The Danish part of the Atlantic Wall was a coastal defense line along the west coast of Jutland, which was built during WWII. It consisted of about 8.000 different concrete constructions of which roughly 2.000 were bunkers.
In some areas, the bunkers have been removed or covered up, and in other places sand migration has erased the traces of the bunkers. However, the larger part of the bunkers remain almost unchanged since the war.
See the video featuring local bunker expert Steen, who enjoys bringing history back to life.
The entire bunker system that trailed from Nordkap in Norway to the Pyrenees on the border between Spain and France was built by Nazi Germany to keep the Allies from landing their troops on the European continent
Some of the bunkers in the area are open to the public; the bunkers' interior on display for the public. Many bunkers, however, are closed to the public or full of sand and some have simply collapsed.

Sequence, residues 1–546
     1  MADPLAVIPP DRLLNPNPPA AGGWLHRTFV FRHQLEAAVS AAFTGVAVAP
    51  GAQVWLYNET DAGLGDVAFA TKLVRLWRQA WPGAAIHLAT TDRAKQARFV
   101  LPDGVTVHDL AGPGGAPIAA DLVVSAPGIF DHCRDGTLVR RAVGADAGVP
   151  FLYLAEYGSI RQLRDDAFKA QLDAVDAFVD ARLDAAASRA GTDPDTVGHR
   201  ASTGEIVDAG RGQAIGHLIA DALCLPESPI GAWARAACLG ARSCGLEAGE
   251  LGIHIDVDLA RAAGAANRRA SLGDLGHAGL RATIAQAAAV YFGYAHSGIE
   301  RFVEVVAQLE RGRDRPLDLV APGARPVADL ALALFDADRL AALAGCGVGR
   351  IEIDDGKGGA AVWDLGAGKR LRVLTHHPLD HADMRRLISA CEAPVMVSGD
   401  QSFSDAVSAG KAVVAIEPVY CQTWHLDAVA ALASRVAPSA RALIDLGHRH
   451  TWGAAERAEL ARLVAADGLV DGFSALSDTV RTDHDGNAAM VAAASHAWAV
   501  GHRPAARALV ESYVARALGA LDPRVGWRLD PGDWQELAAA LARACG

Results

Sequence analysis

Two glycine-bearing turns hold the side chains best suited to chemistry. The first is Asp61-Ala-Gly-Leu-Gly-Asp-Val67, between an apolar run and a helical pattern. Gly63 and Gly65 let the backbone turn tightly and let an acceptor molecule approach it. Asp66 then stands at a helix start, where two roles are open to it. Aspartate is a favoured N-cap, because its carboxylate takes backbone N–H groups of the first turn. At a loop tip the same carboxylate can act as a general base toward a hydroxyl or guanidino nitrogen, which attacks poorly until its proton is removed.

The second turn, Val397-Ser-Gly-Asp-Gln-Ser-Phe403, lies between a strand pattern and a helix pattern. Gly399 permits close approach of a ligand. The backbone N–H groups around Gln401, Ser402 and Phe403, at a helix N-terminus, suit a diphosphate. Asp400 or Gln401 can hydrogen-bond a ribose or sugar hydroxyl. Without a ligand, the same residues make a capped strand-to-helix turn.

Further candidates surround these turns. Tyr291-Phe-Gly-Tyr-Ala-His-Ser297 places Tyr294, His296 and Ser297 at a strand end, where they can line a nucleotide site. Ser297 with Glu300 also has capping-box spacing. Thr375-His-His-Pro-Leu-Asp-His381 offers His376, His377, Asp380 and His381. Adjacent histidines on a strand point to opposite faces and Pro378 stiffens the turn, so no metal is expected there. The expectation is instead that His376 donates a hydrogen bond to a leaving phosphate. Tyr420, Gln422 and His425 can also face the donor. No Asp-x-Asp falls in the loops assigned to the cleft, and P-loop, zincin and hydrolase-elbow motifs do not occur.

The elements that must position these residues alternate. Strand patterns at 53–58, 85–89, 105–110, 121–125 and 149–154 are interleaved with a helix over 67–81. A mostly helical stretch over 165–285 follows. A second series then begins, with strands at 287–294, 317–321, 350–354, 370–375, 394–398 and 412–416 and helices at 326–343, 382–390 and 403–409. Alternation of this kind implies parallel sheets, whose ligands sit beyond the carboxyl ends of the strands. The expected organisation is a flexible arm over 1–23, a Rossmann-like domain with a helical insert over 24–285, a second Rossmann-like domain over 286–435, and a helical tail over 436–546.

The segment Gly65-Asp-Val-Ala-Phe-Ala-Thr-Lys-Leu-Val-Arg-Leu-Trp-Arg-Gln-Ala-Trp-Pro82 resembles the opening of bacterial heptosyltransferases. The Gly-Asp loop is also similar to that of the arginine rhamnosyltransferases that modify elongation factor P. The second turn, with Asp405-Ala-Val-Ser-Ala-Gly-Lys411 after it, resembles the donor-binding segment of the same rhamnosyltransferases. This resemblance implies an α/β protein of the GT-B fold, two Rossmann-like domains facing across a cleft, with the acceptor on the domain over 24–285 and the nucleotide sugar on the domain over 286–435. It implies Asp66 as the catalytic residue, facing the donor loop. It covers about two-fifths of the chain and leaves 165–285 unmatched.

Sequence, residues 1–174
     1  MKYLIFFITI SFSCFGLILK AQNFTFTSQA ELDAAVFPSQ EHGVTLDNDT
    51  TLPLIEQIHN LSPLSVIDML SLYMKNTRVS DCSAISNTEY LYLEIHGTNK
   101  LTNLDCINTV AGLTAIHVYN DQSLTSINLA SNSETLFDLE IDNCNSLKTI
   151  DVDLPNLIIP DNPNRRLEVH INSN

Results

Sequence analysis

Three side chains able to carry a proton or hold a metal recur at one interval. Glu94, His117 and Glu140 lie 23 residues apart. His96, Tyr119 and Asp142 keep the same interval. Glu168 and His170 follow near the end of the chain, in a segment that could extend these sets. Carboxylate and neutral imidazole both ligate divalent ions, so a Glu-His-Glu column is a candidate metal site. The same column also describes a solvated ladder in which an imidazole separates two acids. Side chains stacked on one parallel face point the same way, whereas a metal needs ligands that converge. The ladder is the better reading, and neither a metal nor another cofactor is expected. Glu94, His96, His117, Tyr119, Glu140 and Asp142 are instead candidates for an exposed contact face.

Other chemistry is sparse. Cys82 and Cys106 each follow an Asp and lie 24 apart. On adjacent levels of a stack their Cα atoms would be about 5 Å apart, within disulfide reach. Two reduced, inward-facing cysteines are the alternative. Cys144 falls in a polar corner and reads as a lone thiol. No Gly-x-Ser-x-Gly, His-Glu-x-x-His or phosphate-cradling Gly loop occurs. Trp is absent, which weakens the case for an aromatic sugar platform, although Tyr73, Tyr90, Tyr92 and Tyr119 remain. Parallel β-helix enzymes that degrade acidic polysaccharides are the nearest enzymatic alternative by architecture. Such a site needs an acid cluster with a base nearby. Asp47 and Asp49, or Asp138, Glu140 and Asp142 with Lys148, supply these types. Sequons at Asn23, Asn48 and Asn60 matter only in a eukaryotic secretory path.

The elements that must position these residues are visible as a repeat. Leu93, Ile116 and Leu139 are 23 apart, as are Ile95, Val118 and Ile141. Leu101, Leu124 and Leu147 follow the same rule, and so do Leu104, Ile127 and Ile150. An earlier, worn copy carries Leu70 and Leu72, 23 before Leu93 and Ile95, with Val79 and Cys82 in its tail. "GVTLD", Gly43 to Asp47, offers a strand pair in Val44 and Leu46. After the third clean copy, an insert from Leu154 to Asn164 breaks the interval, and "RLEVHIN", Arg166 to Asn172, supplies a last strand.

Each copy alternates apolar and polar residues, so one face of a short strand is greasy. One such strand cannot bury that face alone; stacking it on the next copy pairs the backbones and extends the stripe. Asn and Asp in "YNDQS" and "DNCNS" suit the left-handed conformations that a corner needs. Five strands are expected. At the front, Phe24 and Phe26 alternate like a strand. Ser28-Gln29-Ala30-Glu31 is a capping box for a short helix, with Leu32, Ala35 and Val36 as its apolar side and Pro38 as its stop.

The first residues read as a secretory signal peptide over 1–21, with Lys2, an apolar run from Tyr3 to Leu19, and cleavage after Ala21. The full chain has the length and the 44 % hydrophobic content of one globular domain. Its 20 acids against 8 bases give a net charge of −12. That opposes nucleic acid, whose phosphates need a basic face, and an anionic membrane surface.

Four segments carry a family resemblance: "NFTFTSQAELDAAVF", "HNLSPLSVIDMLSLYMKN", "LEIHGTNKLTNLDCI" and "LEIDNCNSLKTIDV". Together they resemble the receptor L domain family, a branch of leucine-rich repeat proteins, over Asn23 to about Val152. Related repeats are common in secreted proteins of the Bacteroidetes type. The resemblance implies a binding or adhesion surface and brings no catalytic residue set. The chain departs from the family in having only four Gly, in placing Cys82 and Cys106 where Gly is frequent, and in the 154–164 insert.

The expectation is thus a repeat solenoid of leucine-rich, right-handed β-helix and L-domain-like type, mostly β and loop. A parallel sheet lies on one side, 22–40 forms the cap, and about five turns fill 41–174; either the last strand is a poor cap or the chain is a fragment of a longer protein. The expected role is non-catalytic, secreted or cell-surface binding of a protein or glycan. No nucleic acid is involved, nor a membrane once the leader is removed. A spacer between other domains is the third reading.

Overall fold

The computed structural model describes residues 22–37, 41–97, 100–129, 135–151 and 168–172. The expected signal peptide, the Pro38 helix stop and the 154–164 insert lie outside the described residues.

You enter and move around these bunkers at your own risk; they can both slide in the sand and crumble from erosion.
The work on constructing the Atlantic Wall began in 1940; that is from Germany's occupation of France, Belgium, The Netherlands, Denmark, and Norway
Read about the famous Danish writer and pastor who lived most of his life in Vedersø.
Kulturarvsstyrelsen (The National Cultural Heritage Agency) has declared several of the bunkers in this area as worthy of preservation because they are part of the cultural landscape.
The problem is that the bunkers are often ruinous with dangerous iron spikes sticking out of the sand.
The minister of environment has deceided that the dangerous bunkers must be removed and thus the work of removing the bunkers has begun.